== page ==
Cain detailed the city’s options for funding and said his discussions with a financial consultant revealed that the city’s best course would be to secure a 20-year bond to fund the project.
“They gave us two scenarios for $5 million: one would be a 20-year bonding. They’re assuming that they’re using an estimated interest rate of 4.25 percent, which is a little bit higher than the number that Cindy (Grice, City Clerk) and I used at four percent,” Cain said. “The first year of the millage being levied, they anticipate that it would have to be levied at 1.95 mills … then over the 20-year life of it, assuming some modest taxable value growth, and no big hits with regards to personal property taxes and things of that nature, that that would average of 1.65 mills over the life of that 20-year bond.”
Cain said if the bond life was to be lengthened to 25 years, still trying to raise $5, the interest rate would increase to 4.5 percent and the millage rate would begin at 1.79 mills and average, over the 25-year life of the bond, 1.4 mills.
“Both our financial consultant and our bond consultant felt that a 30-year bond is just too long because they don’t think it would be well-received on the bond market,” Cain said. “They’re not saying it’s impossible but they’re just saying that they think it’s not a good idea.”
Cain said the bond experts said the norm is 20 years because, by the end of the bond life, structural repairs generally become necessary and more money is then needed.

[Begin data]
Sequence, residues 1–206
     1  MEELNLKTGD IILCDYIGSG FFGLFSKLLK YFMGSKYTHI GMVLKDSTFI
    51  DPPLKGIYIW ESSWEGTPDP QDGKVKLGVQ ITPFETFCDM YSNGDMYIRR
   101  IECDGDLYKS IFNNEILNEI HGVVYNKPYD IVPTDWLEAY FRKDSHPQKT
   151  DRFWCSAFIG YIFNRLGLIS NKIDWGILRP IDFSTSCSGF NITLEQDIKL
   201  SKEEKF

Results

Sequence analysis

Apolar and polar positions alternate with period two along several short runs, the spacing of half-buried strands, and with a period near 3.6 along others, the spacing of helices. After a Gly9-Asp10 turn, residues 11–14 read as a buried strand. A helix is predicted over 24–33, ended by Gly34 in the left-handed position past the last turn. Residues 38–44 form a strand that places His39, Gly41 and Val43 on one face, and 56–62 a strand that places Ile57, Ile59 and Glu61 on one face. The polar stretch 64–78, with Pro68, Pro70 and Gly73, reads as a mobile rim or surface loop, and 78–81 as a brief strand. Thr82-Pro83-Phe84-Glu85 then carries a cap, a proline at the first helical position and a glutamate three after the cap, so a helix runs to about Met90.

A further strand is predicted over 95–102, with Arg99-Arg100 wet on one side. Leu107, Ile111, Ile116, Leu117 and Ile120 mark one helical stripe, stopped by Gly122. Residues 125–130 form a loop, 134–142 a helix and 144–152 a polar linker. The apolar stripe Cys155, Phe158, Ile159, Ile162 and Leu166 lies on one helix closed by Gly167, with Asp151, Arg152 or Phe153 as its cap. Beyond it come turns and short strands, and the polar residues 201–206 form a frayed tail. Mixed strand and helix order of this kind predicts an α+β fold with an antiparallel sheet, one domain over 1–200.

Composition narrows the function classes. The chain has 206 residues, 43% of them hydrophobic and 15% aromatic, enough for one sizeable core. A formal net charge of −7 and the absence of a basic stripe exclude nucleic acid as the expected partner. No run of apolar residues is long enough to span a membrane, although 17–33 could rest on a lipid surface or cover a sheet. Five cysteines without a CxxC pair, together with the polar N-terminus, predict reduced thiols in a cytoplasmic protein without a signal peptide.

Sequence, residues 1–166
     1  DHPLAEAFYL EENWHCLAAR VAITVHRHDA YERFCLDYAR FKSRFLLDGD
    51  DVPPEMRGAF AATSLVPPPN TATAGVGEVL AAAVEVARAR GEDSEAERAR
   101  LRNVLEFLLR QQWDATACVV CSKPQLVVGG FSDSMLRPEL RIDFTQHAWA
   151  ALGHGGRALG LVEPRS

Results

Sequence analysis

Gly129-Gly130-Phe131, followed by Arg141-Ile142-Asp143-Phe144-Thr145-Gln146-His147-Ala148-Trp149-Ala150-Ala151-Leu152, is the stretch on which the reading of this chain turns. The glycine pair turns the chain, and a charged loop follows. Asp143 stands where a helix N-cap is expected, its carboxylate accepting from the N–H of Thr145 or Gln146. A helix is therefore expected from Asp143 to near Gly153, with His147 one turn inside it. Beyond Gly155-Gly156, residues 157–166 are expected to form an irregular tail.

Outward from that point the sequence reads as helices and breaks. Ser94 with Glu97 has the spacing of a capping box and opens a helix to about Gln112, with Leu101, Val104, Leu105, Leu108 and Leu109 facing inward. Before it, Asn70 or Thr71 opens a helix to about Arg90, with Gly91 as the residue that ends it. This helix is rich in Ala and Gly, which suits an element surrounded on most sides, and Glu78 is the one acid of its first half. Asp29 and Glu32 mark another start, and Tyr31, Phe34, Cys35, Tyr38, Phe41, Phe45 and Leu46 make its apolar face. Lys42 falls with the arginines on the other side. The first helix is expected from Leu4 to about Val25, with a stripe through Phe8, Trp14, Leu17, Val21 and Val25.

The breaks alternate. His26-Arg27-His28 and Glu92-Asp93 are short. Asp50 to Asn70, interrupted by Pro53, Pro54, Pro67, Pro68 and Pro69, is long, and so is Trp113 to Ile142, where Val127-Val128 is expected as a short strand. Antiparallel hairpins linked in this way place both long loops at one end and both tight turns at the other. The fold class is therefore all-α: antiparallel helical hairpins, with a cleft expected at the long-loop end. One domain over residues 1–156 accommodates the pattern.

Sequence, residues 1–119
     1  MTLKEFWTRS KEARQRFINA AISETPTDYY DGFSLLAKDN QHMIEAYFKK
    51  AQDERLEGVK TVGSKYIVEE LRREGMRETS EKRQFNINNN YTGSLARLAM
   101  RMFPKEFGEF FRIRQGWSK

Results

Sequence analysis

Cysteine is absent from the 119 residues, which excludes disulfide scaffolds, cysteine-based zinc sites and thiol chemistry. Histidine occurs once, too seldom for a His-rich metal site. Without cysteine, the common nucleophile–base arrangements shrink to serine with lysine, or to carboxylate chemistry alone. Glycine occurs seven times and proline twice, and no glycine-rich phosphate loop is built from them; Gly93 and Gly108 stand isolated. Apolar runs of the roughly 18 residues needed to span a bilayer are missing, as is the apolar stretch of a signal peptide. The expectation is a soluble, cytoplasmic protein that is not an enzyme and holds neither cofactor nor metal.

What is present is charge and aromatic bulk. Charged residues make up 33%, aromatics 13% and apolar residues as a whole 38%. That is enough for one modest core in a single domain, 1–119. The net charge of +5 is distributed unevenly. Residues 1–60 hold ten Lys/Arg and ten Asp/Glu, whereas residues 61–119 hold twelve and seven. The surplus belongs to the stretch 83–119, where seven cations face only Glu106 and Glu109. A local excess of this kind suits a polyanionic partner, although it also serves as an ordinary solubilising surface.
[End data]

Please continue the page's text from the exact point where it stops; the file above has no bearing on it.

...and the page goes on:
“They felt that 25 years was a stretch and indicated that, by adding on five years, it would increase our carrying costs by $1 million,” Cain said. “For a 20-year bond, they are estimating the interest costs would be $2.6 million, and over the 25 years it would be just over $3.5 million.”
Overall, the city has four options to pay for such a sizable project.
“One is pay cash, pay as you go… Option two is this city commission has the ability to increase taxes on its own without a vote of the people by .91 mills,” Cain said…. “The other two options require votes of the people: one is to go back to the people and say under our charter we have the ability to levy up to 20 mills (the city is currently at 15.51 mills) if you give us permission to do that…. And, the fourth option is … if you want to go out for a voted bond millage.”
Cain said a fifth element is to seek grants and donations.
Cain said at this time there are no grants available to help fund the EMS portion of the facility but that he will keep looking for grant opportunities.
Boyne City Commissioner Laura Sansom asked if the $7.5 million price tag for the city’s facility upgrades was a firm number. Cain said it takes into account the designer’s rough estimate of $7.3 million and leaves room for the recently discussed museum space and a second floor on city hall with meeting space.
“That’s still a rough number at this point and we will want to hone that down because, once we put something on the ballot, whatever that number is, you can’t go any more than that,” Cain said.
Neidhamer asked if any of the other commissioners were interested in raising the .91 mills the city could legally levy without permission of the citizenry. The overall consensus of the rest of the commission was that it would not be prudent at this time and without a specific plan on how the rest of the project would be funded.
The commission ultimately directed city staff to proceed with finalization of plans to construct the new DPW facility at the North Boyne property as funds allow, to hold off on a millage proposal until 2015 at the earliest, and to continue finalizing the rest of the city facilities plans for future consideration.